Ms Supa has been in the music industry for 16 years.
Ms Supa has been in the music industry for 16 years.

Hip hop queen Ms Supa is taking women to forefront of genre

By MPILETSO MOTUMI Time of article published Dec 12, 2019

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If you have not yet been introduced to the First Lady of SA Hip Hop, it is time you knew who she was. 

Ms Supa, whose real name is Ayanda Malele, has been in the music industry for the past 16 years.

This year, the 36-year-old was all about re-branding and taking her name to the top.

“I would describe myself as someone who is outspoken, and wants to get females recognised in the space of Hip Hop. I have had a passion for this art as far back as I can remember. I grew up with hip hop and writing.”

The year-old said her love for music started when she would perform ‘Brenda Fassie’ concerts from age 6. 

“I thought I was that great and I knew I wanted to be a performer. It was only when I started listening to hip hop in my teens that I realised it was a genre I wanted to be part of. It was my voice and where I was most comfortable.” 

Ms Supa started her journey in 1996 at age 13 and her professional career in 2003, right after American rapper Foxy Brown had just started her career.

“I didn’t know that women could do it. Hip hop wasn’t big in South Africa back then, so when Foxy came out with Get Me Home, that’s when I went on the path.”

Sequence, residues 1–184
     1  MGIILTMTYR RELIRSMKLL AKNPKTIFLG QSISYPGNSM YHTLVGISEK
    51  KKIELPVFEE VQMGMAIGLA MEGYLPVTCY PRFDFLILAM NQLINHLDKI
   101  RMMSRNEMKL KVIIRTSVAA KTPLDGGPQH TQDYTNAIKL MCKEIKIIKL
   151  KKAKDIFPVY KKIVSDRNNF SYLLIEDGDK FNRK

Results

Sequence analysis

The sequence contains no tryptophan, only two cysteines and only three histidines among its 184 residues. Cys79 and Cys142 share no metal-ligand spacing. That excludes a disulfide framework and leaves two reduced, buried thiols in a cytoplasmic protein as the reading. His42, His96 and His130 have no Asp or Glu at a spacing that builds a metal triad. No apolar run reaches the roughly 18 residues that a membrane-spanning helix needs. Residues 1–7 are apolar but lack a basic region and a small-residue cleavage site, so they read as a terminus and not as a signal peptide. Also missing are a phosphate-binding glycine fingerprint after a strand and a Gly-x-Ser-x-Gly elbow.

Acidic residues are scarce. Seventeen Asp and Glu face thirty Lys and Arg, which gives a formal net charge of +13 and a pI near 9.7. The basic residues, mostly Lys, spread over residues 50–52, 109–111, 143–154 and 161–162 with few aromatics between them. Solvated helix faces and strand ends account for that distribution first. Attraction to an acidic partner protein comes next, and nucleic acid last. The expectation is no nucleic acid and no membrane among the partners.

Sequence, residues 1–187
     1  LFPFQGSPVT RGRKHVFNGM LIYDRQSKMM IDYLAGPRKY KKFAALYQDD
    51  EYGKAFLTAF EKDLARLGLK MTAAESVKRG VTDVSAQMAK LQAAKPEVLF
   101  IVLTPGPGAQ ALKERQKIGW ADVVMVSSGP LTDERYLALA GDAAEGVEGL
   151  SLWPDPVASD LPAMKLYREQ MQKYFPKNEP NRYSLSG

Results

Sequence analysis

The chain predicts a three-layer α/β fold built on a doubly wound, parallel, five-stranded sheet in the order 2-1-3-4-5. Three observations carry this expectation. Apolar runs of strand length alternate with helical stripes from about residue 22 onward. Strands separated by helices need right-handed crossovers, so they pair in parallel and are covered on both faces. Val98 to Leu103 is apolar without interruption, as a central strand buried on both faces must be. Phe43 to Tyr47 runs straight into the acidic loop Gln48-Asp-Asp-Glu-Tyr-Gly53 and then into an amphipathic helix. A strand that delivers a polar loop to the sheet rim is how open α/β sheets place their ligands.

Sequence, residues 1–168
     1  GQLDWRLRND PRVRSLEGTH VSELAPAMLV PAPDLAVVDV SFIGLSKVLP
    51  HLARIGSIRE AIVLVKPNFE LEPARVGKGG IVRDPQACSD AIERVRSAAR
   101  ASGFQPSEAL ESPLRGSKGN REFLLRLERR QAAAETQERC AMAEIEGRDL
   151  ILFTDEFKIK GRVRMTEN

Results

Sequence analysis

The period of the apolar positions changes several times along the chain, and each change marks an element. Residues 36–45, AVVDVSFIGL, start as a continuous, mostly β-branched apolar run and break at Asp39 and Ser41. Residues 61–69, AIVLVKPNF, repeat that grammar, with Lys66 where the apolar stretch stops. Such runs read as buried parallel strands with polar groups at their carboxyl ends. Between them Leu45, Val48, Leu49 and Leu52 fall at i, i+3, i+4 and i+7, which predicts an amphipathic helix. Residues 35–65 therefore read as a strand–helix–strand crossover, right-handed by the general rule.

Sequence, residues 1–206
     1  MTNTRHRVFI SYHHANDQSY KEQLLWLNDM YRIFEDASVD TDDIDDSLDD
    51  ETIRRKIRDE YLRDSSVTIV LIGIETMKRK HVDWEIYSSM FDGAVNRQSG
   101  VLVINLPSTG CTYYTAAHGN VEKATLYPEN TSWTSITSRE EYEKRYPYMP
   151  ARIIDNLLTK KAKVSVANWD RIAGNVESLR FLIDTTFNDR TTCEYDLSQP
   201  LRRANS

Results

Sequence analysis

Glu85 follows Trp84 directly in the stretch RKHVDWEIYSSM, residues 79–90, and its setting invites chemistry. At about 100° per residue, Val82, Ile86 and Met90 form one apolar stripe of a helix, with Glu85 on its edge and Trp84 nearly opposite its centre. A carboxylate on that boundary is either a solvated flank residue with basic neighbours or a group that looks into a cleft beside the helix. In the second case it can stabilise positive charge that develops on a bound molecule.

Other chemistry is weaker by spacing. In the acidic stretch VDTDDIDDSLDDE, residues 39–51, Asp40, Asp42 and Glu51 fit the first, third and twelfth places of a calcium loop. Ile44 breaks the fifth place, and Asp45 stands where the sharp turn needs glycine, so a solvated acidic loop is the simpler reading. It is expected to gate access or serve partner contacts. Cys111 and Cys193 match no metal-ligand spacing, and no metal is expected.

While she still remembers her first rhyme, with hip hop being about police brutality and hustling at that time, it was hard for the then 13-year-old to structure her own raps around those topics. 

“I came up with something along those lines and my verses started to get better over time.”

One of her biggest tasks is changing the narrative of women in hip hop. Her movement Ladies of the Night is something she is working on getting back off the ground.

“It is a platform for female rappers to be heard on one mixtape and profile them so people can get to know more about them. I first did this between 2008 and 2012 to show that there was more than one female rapper in the industry and many of them were not being recognised or celebrated. It quietened down as I did as well but now I am trying to revive that.We are always better as a collective.” 

Ms Supa took some time off from the music scene to focus on her family. 

“There are different things that women want and being in the industry you can’t focus your full attention on all of them. Now my kids are older- 4 and 5 - so I can focus on myself now fully.”

In July this year she released her single Vibe, the first after her EP 'HerStory in the Making' came out in 2015. 

Last month she released another single Public Service Announcement (P.S.A) to communicate a message that addresses the dynamics within the industry and to celebrate female artists like Foxy Brown. 

“We have come miles ahead in terms of females; however, I do not like where we are headed as the double standards are still at play.” 

The gap between male and female artists is still quite evident. Throughout history, women have always had a hard time getting recognition for a job well done or being taken seriously. 

“Because the founders of Hip Hop were male, women have had to work twice as hard to prove that they are just as good. We are definitely equal in skill, but the market is yet to take us (women) in the same light”. 

The new year will see Ms Supa diving into her projects and releasing an album. 

“The landscape of music is so varied you don’t have to stick to one genre. I am rapping more in Zulu now. My EP is a nice introduction to the upcoming album.”


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